The Neorealist in Winter

Winner of the 2022 Fiction Prize, selected by Venita Blackburn

US List Price: $18.95

Buy Now

Also available as e-book.

The Neorealist in Winter

Winner of the 2022 Fiction Prize, selected by Venita Blackburn

US List Price: $18.95

Buy Now

Also available as e-book.

About the Book

Salvatore Pane’s The Neorealist in Winter is a collection of eleven short stories that explore what it means to be human in an age of media oversaturation. Utilizing methods of speculative, historical, and postmodern storytelling, Pane grapples with legacies of immigration, poverty, toxic masculinity, and moral failures, while focusing on working-class issues, family drama, and PTSD. Following eleven Italian narrators, Pane builds a cast of cinematic characters across disparate times and places—a struggling director attends a house party in the la dolce vita of 1960s Rome, gangsters chase a low-level lottery runner in coal valley Scranton, a woman contemplates experimental surgery to purge memories of her childhood trauma in Minnesota, and a pro wrestling promoter descends into self-denial through his autobiography.

Watch bookseller Chris Lee from Boswell Books interview Salvatore about the collection.


Praise for The Neorealist in Winter

Vivid fiction that asks how you can run from your past when it made you who you are.
Kirkus Review

In his new short story collection, The Neorealist in Winter, Salvatore Pane leverages his truth as an Italian-American, as a connoisseur of pop culture, and as a keen observer of the human experience. . . . I implore you—treat yourself to this collection as soon as you can.
— Ovunque Siamo

These stories ache and bend into the convex shapes of despair without necessarily pining for seasons of respite. In the scratch that is ordinary tragedy and extraordinary expectations, a light pulses in these characters filled with language for obsession, adoration, and fury.
—Venita Blackburn, author of How to Wrestle a Girl: Stories

A wildly inventive book that’s both hilarious and heartbreaking, about the strange comforts we find in desperate moments: a man holds off his sorrows by obsessively watching Goodfellas; a son copes with his absent father via professional wrestling; a woman works through trauma by way of a talking-animal sitcom. Salvatore Pane is a writer alert to all the puzzling paths that healing sometimes takes, a writer of profound insight and honesty and pure gracious human compassion.
—Nathan Hill, author of Wellness: A Novel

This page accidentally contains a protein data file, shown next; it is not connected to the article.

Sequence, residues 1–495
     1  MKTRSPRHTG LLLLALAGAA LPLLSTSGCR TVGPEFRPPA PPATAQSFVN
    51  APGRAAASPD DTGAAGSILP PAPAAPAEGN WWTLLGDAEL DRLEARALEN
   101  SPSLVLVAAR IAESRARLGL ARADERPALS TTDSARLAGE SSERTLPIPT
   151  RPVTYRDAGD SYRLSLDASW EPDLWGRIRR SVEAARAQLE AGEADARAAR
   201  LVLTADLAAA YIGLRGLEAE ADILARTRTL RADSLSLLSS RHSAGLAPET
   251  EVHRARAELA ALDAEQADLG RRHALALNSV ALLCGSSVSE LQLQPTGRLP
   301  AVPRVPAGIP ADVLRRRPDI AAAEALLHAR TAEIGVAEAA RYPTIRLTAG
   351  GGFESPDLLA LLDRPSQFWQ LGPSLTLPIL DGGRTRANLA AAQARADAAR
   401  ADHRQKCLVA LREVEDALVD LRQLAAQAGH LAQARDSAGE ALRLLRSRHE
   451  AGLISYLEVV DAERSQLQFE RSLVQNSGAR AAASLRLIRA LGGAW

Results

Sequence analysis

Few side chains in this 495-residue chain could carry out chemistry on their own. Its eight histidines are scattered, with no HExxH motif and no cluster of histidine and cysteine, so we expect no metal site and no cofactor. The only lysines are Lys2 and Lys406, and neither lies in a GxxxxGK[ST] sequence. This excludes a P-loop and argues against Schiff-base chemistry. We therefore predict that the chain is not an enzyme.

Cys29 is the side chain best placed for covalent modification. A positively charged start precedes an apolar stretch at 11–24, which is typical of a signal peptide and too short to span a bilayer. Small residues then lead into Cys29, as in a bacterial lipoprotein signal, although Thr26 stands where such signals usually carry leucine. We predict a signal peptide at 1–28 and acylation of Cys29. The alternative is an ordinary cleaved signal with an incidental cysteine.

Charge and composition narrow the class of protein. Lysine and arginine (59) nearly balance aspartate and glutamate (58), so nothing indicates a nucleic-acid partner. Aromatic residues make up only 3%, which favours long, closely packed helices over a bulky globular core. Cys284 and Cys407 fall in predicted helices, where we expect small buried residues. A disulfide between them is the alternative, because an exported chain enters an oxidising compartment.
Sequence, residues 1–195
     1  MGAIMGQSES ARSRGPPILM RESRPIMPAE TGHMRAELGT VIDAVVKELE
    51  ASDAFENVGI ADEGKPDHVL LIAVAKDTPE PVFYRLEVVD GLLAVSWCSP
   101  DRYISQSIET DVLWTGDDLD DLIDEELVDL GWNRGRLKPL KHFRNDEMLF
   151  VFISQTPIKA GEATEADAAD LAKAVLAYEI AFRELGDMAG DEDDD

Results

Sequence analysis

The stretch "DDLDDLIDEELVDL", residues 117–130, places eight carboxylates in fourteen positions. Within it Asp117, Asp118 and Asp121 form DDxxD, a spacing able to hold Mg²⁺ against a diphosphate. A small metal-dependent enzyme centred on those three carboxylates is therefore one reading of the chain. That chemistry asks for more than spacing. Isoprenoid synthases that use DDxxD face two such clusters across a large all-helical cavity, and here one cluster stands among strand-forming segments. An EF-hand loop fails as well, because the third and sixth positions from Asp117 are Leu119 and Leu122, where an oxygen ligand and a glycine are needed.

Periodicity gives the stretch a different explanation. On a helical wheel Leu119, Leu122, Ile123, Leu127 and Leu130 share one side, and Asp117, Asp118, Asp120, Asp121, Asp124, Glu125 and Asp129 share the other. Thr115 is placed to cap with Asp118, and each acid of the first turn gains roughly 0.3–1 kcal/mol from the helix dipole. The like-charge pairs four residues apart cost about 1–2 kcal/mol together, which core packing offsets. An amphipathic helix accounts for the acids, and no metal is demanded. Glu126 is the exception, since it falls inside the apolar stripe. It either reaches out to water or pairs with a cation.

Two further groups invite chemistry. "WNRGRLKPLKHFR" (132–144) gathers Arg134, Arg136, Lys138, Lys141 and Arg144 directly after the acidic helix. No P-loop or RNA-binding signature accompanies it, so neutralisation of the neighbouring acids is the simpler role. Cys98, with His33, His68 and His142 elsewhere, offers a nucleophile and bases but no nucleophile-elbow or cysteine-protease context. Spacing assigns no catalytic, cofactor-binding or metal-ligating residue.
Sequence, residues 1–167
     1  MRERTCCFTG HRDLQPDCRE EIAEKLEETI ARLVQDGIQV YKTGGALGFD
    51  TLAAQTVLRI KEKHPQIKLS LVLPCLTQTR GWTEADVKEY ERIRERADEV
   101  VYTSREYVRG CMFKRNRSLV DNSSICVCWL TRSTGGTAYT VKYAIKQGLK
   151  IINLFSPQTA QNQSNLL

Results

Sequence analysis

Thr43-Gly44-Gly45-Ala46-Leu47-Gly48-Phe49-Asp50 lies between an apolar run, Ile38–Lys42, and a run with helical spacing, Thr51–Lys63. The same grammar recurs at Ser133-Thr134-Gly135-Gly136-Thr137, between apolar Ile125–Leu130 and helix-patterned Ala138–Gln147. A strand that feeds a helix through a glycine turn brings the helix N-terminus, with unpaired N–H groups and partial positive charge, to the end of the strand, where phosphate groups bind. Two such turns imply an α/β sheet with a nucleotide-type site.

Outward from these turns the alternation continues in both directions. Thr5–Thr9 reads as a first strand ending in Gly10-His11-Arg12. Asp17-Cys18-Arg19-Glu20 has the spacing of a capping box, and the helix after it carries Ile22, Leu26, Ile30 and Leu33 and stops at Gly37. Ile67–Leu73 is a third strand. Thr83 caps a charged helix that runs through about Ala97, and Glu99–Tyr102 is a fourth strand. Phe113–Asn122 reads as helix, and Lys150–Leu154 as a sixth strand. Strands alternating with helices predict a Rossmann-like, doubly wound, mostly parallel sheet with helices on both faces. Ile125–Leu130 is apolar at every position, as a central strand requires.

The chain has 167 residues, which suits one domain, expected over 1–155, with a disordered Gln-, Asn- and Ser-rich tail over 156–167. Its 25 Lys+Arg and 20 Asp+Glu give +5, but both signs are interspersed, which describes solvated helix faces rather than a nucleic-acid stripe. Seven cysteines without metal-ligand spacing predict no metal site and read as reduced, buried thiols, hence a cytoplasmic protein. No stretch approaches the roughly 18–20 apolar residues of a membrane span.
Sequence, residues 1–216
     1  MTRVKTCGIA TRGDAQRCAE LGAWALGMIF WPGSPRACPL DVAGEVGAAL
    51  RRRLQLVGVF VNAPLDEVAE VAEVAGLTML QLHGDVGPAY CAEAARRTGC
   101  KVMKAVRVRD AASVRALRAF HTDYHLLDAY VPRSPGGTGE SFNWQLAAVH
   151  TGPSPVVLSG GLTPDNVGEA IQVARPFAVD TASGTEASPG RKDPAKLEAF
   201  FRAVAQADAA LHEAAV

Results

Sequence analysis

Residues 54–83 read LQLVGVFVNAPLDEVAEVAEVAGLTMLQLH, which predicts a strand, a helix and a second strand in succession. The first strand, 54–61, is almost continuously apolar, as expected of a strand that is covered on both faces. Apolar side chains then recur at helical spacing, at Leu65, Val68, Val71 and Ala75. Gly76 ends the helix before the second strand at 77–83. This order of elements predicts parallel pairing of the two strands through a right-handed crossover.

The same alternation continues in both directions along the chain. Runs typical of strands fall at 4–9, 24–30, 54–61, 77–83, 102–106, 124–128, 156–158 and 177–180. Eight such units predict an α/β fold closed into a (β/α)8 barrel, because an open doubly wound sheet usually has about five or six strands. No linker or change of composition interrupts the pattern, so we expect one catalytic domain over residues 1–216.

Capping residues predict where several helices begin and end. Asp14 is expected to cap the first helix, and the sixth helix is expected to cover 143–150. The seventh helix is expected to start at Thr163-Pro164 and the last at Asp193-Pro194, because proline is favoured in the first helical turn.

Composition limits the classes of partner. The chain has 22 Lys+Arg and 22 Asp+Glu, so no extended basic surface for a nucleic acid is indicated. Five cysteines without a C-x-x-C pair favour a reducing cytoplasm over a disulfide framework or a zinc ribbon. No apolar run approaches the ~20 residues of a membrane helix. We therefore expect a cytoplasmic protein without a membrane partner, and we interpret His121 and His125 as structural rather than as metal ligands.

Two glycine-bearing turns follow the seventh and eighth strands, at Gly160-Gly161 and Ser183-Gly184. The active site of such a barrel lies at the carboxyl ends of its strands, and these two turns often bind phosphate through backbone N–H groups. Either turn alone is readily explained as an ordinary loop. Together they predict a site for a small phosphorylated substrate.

Take a breath between these thrilling stories: you’re about to meet characters on the verge of something great or calamitous, navigating a range of worlds from the hyper-real present to the sepia-toned past. Salvatore Pane delivers each cinematic scene with deft narrative urgency and economy, blending fact and fiction in a way that feels thematically true not only to the Italian American experience, but to the harrowing experience of being alive.
—Christopher Castellani, author of Leading Men

Sal Pane gleefully bounds back and forth across two continents over the course of a century to portray a breadth of Italian American experiences in stories that are funny, triumphant, and beautifully sad. This book is a showcase for his ability to bend form to his will in service of complex, mature emotions. And Pane’s characters are searchers; in these stories he captures that powerful mix of grief and exhilaration that comes in the moment of leaving home and all the moments afterwards when someone chooses to stay gone. It’s also a book about that oh so classically American theme: failure. The failure to connect, the failure to clearly know ourselves and our world, the failure to hold onto family and the past and the guilt that attends it. This is a fabulous story collection that taps deeply into the joy and pain, the triumph and tragedy, of anyone who is really alive.
— Chris Lee, Boswell Books

Salvatore Pane was born and raised in Scranton, Pennsylvania. He is the author of two novels, Last Call in the City of Bridges and The Theory of Almost Everything, and a book of nonfiction, Mega Man 3. His shorter work won the Turow-Kinder Award judged by Stewart O’Nan, was nominated for the Pushcart Prize, and […]

Learn More